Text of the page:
That victorious moment in which Wednesday holds up her hand, the smile wiped from her pale face, and says, “Wait. We cannot break bread with you,” once served as a pivotal moment of truth ― one I felt compelled to share, to laugh at, to help me get through this holiday. But this wasn’t enough ― it was never enough.

This year, as I scroll through the news, I see the warnings against gathering for Thanksgiving, that coming together in the face of this pandemic puts our loved ones at risk. Families are still hellbent on ignoring this advice. Nothing will stand in the way of this antiquated tradition of gravy and pumpkin pie. 

When my non-Native friends talk to me about Thanksgiving, they are quick to remind me they know about the day’s genocidal roots. “But that’s not why we still celebrate,” they tell me, reassuringly adding, “We get it. We just like the time off and being together.”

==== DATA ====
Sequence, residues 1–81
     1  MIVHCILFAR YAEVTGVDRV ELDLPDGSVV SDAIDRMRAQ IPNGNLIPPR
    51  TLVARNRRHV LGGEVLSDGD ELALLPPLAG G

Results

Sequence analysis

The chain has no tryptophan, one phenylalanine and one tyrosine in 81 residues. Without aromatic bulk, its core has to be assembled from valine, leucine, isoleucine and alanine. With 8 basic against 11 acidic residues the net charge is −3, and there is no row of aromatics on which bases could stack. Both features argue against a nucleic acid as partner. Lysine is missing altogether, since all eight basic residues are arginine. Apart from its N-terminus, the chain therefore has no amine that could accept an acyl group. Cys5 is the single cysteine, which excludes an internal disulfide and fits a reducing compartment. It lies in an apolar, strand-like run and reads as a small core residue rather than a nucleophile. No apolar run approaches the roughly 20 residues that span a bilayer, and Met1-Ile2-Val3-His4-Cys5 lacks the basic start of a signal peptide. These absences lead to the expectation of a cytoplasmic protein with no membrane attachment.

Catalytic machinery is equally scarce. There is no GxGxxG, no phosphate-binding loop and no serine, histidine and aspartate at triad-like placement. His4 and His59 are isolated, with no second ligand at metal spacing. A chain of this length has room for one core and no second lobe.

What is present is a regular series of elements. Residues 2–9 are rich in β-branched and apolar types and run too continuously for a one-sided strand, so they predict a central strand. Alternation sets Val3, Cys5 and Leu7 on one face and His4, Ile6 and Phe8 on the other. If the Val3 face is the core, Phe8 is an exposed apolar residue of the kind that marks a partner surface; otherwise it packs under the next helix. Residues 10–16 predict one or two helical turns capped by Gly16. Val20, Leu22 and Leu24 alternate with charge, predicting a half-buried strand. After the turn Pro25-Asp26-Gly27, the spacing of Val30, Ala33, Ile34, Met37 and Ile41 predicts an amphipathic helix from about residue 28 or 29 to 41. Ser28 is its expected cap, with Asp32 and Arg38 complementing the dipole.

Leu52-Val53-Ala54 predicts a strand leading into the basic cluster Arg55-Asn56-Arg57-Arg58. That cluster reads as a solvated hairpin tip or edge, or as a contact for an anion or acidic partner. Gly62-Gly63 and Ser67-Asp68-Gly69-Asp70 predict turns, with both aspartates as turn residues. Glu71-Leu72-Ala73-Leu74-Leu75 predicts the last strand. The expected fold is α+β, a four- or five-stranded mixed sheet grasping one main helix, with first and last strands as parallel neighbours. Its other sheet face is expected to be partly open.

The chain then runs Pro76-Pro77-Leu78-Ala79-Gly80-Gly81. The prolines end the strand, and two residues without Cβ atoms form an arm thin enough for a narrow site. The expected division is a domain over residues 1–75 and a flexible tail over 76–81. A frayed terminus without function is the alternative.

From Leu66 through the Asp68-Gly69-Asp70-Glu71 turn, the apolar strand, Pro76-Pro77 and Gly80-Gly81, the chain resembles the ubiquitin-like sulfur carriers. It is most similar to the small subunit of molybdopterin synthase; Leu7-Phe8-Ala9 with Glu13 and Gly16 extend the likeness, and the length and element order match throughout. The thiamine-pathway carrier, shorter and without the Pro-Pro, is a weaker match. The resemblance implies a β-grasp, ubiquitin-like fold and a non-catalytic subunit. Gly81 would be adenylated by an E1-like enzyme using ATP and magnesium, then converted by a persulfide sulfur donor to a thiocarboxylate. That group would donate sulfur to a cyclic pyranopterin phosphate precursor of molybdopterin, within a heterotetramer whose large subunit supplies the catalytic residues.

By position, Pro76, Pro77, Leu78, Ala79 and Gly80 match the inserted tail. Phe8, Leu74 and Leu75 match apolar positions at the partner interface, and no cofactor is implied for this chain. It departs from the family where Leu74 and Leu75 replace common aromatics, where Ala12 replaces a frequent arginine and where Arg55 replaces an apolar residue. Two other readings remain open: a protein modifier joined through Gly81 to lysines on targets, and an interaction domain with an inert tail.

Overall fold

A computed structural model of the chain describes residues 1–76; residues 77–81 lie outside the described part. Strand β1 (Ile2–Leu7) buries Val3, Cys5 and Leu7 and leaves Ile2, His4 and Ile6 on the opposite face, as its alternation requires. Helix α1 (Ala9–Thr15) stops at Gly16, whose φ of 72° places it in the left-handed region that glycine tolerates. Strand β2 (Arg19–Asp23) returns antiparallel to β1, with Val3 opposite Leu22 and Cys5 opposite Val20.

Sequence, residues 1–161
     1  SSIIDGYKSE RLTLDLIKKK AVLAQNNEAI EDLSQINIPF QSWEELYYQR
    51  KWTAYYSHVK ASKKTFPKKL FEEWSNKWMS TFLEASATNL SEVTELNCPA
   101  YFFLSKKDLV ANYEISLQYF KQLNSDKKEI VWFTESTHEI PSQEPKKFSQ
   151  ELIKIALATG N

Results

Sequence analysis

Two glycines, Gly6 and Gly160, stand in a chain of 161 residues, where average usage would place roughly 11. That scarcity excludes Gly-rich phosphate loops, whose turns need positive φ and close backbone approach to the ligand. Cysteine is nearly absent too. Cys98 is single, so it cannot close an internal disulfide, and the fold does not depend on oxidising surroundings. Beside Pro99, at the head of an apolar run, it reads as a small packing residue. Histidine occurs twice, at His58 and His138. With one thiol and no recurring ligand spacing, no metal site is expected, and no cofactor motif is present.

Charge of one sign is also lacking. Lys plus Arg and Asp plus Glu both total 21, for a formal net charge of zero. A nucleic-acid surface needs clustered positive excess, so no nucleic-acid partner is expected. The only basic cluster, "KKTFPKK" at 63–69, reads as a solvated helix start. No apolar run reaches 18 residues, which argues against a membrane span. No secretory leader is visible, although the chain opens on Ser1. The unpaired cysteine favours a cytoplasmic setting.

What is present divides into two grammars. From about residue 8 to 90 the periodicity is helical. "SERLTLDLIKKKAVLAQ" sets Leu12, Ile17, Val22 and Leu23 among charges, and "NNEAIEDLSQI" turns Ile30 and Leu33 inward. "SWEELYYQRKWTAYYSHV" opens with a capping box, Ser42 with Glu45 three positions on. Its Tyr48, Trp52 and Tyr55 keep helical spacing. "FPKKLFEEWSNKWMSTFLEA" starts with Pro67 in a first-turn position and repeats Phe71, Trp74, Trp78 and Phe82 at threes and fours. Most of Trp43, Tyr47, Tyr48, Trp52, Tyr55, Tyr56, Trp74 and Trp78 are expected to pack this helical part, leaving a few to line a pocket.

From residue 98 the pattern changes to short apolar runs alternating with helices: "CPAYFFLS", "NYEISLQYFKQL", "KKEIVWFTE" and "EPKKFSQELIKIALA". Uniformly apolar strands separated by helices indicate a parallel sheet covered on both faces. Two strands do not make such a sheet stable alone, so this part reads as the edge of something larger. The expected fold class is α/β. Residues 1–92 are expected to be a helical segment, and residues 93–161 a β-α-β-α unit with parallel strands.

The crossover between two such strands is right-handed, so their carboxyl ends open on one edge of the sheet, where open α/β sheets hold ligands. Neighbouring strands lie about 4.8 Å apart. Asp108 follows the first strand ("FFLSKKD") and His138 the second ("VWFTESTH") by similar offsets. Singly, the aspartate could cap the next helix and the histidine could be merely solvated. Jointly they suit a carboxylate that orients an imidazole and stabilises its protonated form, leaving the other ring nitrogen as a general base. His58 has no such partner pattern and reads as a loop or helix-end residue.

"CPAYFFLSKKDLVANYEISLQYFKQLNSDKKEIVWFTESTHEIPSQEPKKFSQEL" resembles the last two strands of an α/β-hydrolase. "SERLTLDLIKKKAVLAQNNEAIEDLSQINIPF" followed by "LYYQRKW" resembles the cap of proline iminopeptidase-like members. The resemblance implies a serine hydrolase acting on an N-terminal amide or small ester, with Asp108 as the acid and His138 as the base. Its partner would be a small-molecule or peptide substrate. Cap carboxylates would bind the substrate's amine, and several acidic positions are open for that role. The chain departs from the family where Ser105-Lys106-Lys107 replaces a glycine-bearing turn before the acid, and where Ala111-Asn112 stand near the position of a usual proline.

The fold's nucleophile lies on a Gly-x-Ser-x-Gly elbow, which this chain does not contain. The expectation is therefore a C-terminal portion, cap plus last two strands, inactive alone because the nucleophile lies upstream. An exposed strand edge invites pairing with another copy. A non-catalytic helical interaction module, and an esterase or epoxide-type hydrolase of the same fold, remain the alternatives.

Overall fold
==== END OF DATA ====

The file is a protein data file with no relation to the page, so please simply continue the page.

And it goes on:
Some friends go so far as to share the ways they honor Indigenous history around the table at their meals. As they pass the mashed potatoes, as they butter their rolls and drink their wine, they have woke conversations about the real meaning behind Thanksgiving, the brutal history. “We tell our kids the truth.”

They say this like I’m to respond by presenting them a badge of honor complete with a bright gold star and my gratitude. Gosh. Thank you for doing the work. But is it really enough to discuss the destruction of the Wampanoag peoples’ food resources and the ways the first settlers nearly starved to death during a period actually known as “the starving years,” had it not been for the Wampanoag’s generosity?

I wonder what happens when they get to the part of the story when the pilgrims resorted to cannibalism. Do their children cry when it’s revealed that even after rescuing the settlers from starvation, the tribe still suffered violence from the very pilgrims they had just saved? Does the table hold a moment of silence for  the lost lands, for the destruction of hunting grounds, of food sovereignty? Is it really enough just to talk about these things?